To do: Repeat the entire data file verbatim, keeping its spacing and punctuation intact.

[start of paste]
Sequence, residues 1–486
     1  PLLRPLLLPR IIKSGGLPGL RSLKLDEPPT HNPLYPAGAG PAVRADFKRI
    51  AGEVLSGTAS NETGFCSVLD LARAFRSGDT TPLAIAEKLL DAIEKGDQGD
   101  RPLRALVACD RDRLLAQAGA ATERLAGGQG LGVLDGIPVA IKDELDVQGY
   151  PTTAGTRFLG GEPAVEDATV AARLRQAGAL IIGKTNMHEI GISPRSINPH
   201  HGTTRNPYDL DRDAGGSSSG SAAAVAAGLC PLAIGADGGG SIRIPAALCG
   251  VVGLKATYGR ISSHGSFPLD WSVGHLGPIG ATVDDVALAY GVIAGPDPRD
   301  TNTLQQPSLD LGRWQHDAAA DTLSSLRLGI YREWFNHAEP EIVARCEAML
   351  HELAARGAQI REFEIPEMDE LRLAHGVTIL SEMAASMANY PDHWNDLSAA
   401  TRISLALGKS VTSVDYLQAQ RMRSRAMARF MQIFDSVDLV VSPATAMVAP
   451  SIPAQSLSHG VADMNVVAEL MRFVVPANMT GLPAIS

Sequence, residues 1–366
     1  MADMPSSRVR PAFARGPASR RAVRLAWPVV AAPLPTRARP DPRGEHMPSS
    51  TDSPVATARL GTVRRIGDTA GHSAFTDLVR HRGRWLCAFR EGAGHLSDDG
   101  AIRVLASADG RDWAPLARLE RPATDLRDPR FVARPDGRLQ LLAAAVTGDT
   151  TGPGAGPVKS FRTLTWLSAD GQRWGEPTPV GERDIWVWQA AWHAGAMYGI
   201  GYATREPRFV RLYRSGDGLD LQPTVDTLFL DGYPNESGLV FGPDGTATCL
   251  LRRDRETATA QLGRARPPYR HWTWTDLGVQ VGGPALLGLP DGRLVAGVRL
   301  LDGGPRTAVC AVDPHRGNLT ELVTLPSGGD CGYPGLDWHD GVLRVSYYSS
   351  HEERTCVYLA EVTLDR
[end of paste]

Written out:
Sequence, residues 1–486
     1  PLLRPLLLPR IIKSGGLPGL RSLKLDEPPT HNPLYPAGAG PAVRADFKRI
    51  AGEVLSGTAS NETGFCSVLD LARAFRSGDT TPLAIAEKLL DAIEKGDQGD
   101  RPLRALVACD RDRLLAQAGA ATERLAGGQG LGVLDGIPVA IKDELDVQGY
   151  PTTAGTRFLG GEPAVEDATV AARLRQAGAL IIGKTNMHEI GISPRSINPH
   201  HGTTRNPYDL DRDAGGSSSG SAAAVAAGLC PLAIGADGGG SIRIPAALCG
   251  VVGLKATYGR ISSHGSFPLD WSVGHLGPIG ATVDDVALAY GVIAGPDPRD
   301  TNTLQQPSLD LGRWQHDAAA DTLSSLRLGI YREWFNHAEP EIVARCEAML
   351  HELAARGAQI REFEIPEMDE LRLAHGVTIL SEMAASMANY PDHWNDLSAA
   401  TRISLALGKS VTSVDYLQAQ RMRSRAMARF MQIFDSVDLV VSPATAMVAP
   451  SIPAQSLSHG VADMNVVAEL MRFVVPANMT GLPAIS

Sequence, residues 1–366
     1  MADMPSSRVR PAFARGPASR RAVRLAWPVV AAPLPTRARP DPRGEHMPSS
    51  TDSPVATARL GTVRRIGDTA GHSAFTDLVR HRGRWLCAFR EGAGHLSDDG
   101  AIRVLASADG RDWAPLARLE RPATDLRDPR FVARPDGRLQ LLAAAVTGDT
   151  TGPGAGPVKS FRTLTWLSAD GQRWGEPTPV GERDIWVWQA AWHAGAMYGI
   201  GYATREPRFV RLYRSGDGLD LQPTVDTLFL DGYPNESGLV FGPDGTATCL
   251  LRRDRETATA QLGRARPPYR HWTWTDLGVQ VGGPALLGLP DGRLVAGVRL
   301  LDGGPRTAVC AVDPHRGNLT ELVTLPSGGD CGYPGLDWHD GVLRVSYYSS
   351  HEERTCVYLA EVTLDR